- The Washington Times - Wednesday, December 12, 2001

President Bush yesterday offered Senate Democrats a deal on his proposed economic stimulus package, proposing a series of compromises on issues that have kept the bill bottled up since the House approved the measure 49 days ago.
The president's offer involves smaller tax cuts and more aid to the unemployed. Senate Democrats, who have blocked the $210 billion stimulus package passed by the House Oct. 24, also made some concessions in negotiations yesterday but continued to oppose tax cuts for individual taxpayers.
Mr. Bush sent Treasury Secretary Paul O'Neill to Capitol Hill yesterday to meet with a bipartisan group of senators and deliver the proposed compromise.
"The secretary has gone up there with a new proposal that the president believes will stimulate the economy, help unemployed workers and help the Senate help itself," White House spokesman Ari Fleischer said yesterday. "The president is trying to break the impasse because the Senate leaders have been unable to do so."
Later, Mr. O'Neill and Mr. Bush met at the White House with centrist senators, including Sen. John B. Breaux, Louisiana Democrat, and Sen. Olympia J. Snowe, Maine Republican.
"I think we're narrowing down the points of disagreement," Senate Minority Leader Trent Lott, Mississippi Republican, said of the negotiations.
The new round of negotiations came two days after Vice President Richard B. Cheney called Senate Majority Leader Tom Daschle an "obstructionist" because of the way the South Dakota Democrat has prevented passage of the economic stimulus plan.
The White House plan would extend unemployment benefits and increase health care assistance for the unemployed. House Republicans last week offered a $20 billion plan similar to the administration's new proposal.
Under the plan:
The corporate alternative minimum tax would now be scaled back rather than repealed outright.
The acceleration of individual income tax-rate cuts would now be focused entirely on the 25-percent bracket.
The 13-week extension of unemployment benefits would now be nationwide, rather than limited to those states hardest hit by the economic downturn.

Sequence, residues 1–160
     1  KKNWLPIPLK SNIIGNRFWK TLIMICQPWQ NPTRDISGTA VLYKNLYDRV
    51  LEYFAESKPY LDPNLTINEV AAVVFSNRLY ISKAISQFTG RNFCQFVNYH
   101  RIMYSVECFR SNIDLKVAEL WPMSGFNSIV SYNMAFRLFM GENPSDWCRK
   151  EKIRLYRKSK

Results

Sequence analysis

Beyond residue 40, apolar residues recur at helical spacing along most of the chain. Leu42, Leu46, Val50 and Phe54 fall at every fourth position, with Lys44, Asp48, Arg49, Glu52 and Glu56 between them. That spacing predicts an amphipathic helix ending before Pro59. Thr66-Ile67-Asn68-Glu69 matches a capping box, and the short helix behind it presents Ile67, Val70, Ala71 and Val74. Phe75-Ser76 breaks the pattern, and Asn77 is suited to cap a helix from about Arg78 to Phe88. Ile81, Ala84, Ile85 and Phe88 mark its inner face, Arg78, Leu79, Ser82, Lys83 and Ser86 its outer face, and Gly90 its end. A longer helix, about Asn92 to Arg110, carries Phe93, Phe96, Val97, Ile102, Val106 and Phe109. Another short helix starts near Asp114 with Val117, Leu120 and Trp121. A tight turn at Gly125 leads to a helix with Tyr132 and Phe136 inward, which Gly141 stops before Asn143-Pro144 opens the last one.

There would be some additional money for health insurance for laid-off workers, beyond that contained in the National Emergency Grants.
"The president has listened to the Democrats. He hopes the Democrats will now be willing to listen to him," Mr. Fleischer said.
Meanwhile yesterday, the Bush administration asked Congress to raise the national debt ceiling to $6.7 trillion. In a letter to Mr. Daschle, Mr. O'Neill said the federal government will exceed its current borrowing limit of $5.95 trillion by February.
In August, the administration had estimated the debt limit would not be reached until September 2003. In his letter to the Senate Majority Leader, Mr. O'Neill said the effects of "the tragic terrorist attacks" on September 11 were responsible for the increase in government borrowing.
Democratic opposition to tax cuts remains the primary obstacle to Senate passage of the stimulus plan.
Yesterday, the president said he would accept a compromise that reduces the 27 percent income tax rate to 25 percent in 2002, four years earlier than under the 10-year, $1.35 trillion tax cut enacted earlier this year.
Mr. Bush had originally sought to accelerate all the income tax cuts, but Democrats criticized that as favoring the wealthy.
Mr. Daschle said Democrats would accept many of the business tax cuts proposed by Republicans but opposed the accelerated individual tax cuts.
This article is based in part on wire service reports.

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